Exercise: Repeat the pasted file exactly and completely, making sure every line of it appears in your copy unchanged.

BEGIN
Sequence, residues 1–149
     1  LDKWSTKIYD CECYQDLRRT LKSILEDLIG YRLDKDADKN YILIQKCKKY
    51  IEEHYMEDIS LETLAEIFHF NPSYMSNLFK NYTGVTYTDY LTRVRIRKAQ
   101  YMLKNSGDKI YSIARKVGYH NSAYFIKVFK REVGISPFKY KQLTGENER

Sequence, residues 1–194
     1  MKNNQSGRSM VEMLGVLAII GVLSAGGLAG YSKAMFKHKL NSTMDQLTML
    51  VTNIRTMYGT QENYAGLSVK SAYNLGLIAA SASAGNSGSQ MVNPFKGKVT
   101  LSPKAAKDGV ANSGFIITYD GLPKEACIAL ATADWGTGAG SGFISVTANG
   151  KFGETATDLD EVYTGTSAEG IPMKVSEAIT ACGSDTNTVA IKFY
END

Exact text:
Sequence, residues 1–149
     1  LDKWSTKIYD CECYQDLRRT LKSILEDLIG YRLDKDADKN YILIQKCKKY
    51  IEEHYMEDIS LETLAEIFHF NPSYMSNLFK NYTGVTYTDY LTRVRIRKAQ
   101  YMLKNSGDKI YSIARKVGYH NSAYFIKVFK REVGISPFKY KQLTGENER

Sequence, residues 1–194
     1  MKNNQSGRSM VEMLGVLAII GVLSAGGLAG YSKAMFKHKL NSTMDQLTML
    51  VTNIRTMYGT QENYAGLSVK SAYNLGLIAA SASAGNSGSQ MVNPFKGKVT
   101  LSPKAAKDGV ANSGFIITYD GLPKEACIAL ATADWGTGAG SGFISVTANG
   151  KFGETATDLD EVYTGTSAEG IPMKVSEAIT ACGSDTNTVA IKFY